United States v. Skelly Oil Company, 394 U.S. 678, 680, 681, 89 S. Ct. 1379, 1381, 22 L. Ed. 2d 642, 647 (1969).

¶8 The above authorities stand for the proposition that a claim under § 1341 may recompute adjusted gross income for prior years in determining the amount of the tax overpayment claimed in a subsequent year.

¶9 The appellate courts will review the entire record made before an administrative agency acting in its adjudicatory capacity to determine whether the findings and conclusions set forth in the agency order are supported by substantial evidence.


¶10 Upon thorough examination of the record, we find no evidence showing which method of calculation of the federal claim was finally accepted by the IRS; whether the IRS considered the 1987 return as opening the returns for the involved prior tax years; and, whether the IRS, in determining the 1987 claim, allowed the federal adjusted income for the involved prior tax years to be recomputed.

¶11 On the other hand, the taxpayers' evidence indicates that the taxpayers included two calculations of their federal tax claim, based upon the repayment of $365,204.29, in their 1987 federal return.


¶13 OPALA, C.J., and LAVENDER, HARGRAVE, KAUGER and WATT, JJ., concur.

¶14 SIMMS, J., concurs in result.

¶15 HODGES, V.C.J., and SUMMERS, J., dissent.


1 Record, page 189, Order, page 3.

2 68 O.S. 1991 § 2353 . The federal/state "piggy-back" system has been in effect in Oklahoma since enactment of the 1971 income tax code, pursuant to constitutional amendment in 1968. State Question No. 444, Legislative Referendum No. 160, adopted Aug. 27, 1968. The statutory definitions of "Oklahoma taxable income" and "Oklahoma adjusted gross income" mirror the constitutional language in Okla. Const., Art. 10, § 12 , which provides that "the Legislature may . . . define the amount . . . by which any such tax or taxes are imposed or measured . . . by reference to any amount or amounts finally ascertained in determining amounts subject to taxation by the United States . . . ." [Emphasis added.]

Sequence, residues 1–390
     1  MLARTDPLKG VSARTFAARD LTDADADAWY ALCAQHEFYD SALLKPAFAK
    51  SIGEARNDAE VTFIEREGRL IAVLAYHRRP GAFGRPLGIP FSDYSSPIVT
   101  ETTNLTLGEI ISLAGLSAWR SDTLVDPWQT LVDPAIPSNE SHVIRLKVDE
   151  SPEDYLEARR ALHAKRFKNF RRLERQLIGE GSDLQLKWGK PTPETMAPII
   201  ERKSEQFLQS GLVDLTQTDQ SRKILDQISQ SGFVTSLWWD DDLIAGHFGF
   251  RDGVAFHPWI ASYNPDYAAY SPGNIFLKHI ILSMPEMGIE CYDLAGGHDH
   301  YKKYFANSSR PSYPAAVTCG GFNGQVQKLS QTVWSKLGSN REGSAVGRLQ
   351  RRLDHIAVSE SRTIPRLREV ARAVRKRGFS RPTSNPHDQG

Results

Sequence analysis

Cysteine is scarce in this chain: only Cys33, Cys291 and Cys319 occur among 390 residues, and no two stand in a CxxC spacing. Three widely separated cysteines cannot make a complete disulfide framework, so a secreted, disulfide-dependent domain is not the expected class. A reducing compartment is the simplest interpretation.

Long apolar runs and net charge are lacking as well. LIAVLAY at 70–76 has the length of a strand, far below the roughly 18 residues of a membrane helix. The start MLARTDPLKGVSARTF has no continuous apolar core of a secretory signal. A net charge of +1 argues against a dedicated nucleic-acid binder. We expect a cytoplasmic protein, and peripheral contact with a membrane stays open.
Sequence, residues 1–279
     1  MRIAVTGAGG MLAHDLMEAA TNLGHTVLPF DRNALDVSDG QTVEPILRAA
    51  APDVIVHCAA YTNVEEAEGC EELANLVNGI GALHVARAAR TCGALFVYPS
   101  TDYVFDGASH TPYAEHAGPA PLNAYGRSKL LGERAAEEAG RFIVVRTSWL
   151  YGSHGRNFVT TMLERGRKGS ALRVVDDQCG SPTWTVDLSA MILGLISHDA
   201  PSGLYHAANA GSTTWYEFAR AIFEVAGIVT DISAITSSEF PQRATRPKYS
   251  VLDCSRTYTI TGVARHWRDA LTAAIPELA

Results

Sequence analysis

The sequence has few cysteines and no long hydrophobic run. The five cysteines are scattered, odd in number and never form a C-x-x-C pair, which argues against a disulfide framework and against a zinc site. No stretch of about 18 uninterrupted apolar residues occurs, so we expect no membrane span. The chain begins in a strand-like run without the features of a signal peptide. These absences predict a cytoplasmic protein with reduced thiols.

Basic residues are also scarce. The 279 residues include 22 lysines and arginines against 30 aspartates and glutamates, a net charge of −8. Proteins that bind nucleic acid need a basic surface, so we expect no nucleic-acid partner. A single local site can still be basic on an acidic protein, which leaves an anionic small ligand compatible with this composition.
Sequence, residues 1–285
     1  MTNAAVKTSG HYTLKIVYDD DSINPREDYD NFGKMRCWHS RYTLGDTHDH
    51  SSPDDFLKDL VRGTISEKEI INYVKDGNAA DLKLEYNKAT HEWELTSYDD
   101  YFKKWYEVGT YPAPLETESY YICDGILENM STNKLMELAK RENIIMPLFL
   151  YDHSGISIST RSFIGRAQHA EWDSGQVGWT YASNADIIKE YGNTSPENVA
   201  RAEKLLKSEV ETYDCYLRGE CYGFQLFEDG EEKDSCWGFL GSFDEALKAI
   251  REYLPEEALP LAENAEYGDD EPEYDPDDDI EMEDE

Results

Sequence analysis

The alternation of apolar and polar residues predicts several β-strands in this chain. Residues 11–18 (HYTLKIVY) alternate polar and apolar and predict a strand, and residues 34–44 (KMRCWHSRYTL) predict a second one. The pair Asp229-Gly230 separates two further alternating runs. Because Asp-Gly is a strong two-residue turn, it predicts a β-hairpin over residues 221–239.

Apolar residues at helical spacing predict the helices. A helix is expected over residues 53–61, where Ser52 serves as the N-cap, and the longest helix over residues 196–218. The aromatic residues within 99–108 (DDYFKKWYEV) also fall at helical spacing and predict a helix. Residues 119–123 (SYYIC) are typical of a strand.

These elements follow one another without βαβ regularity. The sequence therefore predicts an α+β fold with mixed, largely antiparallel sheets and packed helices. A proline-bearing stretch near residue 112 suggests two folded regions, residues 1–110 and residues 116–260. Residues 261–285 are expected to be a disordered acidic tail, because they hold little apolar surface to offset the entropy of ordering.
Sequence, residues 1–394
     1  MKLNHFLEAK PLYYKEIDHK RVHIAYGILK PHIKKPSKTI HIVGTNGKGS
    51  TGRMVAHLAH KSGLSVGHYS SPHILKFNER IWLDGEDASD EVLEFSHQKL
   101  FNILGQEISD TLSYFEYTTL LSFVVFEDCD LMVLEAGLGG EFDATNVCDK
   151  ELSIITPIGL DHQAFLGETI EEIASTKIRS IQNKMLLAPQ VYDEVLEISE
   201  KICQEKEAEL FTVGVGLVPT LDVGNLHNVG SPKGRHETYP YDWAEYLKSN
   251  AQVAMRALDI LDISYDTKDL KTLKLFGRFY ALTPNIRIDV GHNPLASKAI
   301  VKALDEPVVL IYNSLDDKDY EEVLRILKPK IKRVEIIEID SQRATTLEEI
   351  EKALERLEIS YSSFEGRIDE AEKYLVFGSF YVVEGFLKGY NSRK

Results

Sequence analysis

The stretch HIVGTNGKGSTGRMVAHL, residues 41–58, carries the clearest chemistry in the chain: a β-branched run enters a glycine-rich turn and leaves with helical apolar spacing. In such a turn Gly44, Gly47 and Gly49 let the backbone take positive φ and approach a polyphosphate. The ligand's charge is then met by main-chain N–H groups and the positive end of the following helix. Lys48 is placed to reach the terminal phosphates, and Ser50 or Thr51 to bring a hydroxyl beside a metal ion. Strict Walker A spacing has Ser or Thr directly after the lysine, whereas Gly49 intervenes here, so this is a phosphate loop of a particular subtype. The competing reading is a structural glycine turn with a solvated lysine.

3 68 O.S. 1981 §§ 2352 , et seq. now codified, as amended, at 68 O.S. 1991 §§ 2352 , et seq.

4 Record, page 193; Order, page 7, states:

The federal claim of right doctrine provides for a credit of taxes in the year of repayment of the income by the taxpayer. The federal income tax return for the year in which the income was received by the taxpayer is not reopened. There is no recomputation of federal adjusted income for the year the income was received. 26 U.S.C. § 1341. [Emphasis added.]

5 United States v. Skelly Oil Company, 394 U.S. 678, 680, 681, 89 S. Ct. 1379, 1381, 22 L. Ed. 2d 642, 647 (1969).

6 The OTC argues that § 1341 creates a federal tax credit, which is not incorporated into our state income tax laws by virtue of our "piggy-back" system, and that the state income tax code does not have a parallel credit. The OTC does not cite any federal authority establishing § 1341 as a tax credit statute and our research has revealed none. However, in 26 U.S.C. § 6411(d), § 1341 is treated as authorizing a taxpayer to make application for a refund of prior overpayments, whether that refund is manifested as a credit against taxes due and owing or as an actual tax refund. Section 6411(d) statutes, in part: